Financial firms can’t seem to come to an agreement on the unofficial “pre-cessation” trigger that will signal the beginning of the end for Libor. Meanwhile, SOFR faces some controversy.
By the end of the next year, the London Interbank Benchmark Offered Rate (Libor) should be phased out and is expected to replaced by one of three potential alternatives – the Secured Overnight Financing Rate (SOFR) in the United States, the Sterling Overnight Index Average (SONIA) in the United Kingdom and the Euro short-term rate (€STR) in the rest of the European region.
Liquidity is expected to slowly build up in markets but corporates are still taking their time to change the fallbacks mentioned in their contracts – the American risk-free overnight rate doesn’t fit too well with the longer duration financial products used in cash markets while investors have yet to fully support the newer European alternatives.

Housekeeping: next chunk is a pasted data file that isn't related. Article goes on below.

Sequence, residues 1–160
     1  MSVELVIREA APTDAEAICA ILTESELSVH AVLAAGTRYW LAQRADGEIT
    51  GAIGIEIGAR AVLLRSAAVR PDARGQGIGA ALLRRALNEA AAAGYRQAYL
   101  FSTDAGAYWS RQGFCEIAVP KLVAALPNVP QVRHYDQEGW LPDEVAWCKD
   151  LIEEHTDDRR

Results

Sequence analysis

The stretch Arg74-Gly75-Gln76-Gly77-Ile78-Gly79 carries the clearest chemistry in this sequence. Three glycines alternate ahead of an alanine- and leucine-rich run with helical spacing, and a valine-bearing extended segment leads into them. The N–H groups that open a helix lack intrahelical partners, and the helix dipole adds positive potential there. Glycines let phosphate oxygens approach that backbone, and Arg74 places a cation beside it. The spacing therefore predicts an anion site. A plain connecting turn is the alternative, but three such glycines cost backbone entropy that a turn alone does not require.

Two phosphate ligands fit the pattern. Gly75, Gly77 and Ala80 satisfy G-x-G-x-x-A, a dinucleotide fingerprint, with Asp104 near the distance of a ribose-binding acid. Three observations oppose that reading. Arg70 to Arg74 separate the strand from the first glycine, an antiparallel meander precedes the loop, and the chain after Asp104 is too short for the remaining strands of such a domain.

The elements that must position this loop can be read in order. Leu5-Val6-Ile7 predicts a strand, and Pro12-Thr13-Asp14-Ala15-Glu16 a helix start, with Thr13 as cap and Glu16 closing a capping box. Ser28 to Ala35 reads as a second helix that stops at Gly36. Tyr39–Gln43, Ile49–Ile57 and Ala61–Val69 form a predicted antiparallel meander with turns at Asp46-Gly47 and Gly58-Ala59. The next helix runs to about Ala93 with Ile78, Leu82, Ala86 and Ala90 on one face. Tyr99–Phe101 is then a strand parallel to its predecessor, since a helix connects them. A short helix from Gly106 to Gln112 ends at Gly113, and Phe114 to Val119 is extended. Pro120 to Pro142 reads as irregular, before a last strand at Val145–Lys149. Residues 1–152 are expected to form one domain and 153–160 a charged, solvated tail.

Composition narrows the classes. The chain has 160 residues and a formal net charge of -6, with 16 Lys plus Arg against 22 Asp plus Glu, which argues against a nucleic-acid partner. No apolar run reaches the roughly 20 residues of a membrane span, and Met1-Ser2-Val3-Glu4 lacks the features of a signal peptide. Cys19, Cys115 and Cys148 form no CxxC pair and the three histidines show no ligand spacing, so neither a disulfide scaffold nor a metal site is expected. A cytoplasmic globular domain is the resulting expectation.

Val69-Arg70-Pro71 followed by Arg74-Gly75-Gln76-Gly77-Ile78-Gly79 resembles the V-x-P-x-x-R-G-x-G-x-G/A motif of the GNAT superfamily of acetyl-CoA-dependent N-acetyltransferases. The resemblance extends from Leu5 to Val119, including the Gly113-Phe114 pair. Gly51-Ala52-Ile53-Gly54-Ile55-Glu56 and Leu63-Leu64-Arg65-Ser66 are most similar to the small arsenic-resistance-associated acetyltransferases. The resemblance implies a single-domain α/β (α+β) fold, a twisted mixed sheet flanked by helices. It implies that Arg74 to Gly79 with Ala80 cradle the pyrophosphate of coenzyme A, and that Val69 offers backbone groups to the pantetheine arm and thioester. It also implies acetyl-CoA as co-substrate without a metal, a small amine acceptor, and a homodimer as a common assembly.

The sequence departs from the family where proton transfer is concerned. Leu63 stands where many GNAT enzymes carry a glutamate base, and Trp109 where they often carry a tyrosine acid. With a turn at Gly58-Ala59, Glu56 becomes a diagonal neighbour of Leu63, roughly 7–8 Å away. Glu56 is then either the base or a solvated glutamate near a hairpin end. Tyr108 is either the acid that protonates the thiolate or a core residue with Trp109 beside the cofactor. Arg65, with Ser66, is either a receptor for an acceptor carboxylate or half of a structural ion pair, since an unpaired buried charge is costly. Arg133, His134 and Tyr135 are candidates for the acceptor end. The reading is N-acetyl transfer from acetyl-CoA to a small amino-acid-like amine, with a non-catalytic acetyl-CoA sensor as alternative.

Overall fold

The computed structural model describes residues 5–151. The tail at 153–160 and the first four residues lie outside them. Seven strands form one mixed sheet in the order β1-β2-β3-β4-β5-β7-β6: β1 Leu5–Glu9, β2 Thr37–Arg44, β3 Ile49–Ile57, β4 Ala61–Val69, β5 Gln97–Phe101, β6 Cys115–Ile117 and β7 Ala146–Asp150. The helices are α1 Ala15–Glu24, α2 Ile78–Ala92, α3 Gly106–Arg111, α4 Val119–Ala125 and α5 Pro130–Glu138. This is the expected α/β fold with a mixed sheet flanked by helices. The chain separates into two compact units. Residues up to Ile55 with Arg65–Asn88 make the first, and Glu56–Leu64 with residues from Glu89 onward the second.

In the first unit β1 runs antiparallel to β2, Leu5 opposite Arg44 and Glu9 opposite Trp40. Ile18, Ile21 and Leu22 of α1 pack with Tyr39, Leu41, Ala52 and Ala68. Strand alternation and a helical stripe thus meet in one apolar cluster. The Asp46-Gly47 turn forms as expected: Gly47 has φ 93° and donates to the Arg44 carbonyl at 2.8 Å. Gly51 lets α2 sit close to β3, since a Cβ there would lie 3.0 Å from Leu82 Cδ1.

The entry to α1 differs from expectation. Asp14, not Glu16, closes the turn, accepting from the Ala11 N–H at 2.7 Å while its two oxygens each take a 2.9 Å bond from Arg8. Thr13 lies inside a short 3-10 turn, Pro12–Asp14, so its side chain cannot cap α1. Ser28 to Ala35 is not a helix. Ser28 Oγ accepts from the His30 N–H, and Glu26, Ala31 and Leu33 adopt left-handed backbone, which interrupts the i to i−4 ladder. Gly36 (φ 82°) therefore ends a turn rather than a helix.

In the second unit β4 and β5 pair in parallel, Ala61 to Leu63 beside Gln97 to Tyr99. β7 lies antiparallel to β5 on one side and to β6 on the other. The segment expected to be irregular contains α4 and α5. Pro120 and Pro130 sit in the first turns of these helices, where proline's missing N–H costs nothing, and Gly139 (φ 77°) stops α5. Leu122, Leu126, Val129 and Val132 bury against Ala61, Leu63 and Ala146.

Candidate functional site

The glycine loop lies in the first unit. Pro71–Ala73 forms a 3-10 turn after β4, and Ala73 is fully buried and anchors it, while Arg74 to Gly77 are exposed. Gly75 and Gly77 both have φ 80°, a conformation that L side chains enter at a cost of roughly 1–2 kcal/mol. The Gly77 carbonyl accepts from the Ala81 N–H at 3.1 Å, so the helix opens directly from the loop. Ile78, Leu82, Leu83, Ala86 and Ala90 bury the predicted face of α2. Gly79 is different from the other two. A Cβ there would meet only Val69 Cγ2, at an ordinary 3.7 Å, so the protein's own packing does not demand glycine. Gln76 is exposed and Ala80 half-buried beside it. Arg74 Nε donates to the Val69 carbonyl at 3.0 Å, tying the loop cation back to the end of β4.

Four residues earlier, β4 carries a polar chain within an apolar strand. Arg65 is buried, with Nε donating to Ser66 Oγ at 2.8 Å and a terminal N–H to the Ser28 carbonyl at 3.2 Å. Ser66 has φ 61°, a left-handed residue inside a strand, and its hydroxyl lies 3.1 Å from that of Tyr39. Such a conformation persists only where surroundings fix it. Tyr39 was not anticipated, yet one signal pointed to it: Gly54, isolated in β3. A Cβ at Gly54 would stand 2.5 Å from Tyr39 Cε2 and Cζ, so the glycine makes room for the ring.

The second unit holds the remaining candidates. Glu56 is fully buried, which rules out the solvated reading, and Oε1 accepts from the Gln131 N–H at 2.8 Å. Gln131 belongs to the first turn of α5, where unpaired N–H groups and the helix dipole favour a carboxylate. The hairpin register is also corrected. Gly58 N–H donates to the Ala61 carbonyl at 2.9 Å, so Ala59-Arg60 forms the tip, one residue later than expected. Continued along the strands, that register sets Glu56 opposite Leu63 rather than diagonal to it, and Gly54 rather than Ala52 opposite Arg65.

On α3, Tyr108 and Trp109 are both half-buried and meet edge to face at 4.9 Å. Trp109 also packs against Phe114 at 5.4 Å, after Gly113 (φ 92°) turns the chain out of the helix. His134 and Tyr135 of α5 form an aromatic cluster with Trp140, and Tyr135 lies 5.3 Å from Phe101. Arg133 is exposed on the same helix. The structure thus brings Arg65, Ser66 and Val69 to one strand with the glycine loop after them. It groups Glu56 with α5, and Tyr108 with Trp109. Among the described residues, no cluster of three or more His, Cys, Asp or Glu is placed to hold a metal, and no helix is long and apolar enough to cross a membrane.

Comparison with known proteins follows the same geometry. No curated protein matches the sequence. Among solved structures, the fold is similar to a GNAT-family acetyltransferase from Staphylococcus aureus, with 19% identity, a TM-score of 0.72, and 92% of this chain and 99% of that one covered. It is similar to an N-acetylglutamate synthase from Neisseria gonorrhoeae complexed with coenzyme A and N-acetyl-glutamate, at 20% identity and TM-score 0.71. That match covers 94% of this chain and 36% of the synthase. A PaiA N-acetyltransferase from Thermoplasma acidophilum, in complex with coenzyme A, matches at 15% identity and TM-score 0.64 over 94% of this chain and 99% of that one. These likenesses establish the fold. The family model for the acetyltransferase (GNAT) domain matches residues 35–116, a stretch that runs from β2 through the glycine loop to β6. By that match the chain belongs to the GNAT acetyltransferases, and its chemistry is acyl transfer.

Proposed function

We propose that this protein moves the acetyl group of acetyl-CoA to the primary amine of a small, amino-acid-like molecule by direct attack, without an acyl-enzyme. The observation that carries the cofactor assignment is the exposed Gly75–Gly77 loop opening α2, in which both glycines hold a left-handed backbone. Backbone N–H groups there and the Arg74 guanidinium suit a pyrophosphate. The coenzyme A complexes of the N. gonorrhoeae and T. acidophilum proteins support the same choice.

In any case, before regulators officially announce the end of Libor, analysts expect that a “pre-cessation” trigger, an early deadline of sorts, would help and should be incorporated in any fallback language. Everyone will then know it’s me to jump off the sinking ship that is Libor.
But the International Swaps and Derivatives Association (ISDA) states that financial institutions right now are struggling to reach an agreement on what that trigger would look like or if it’s even necessary.
“This is critically important because … [read more]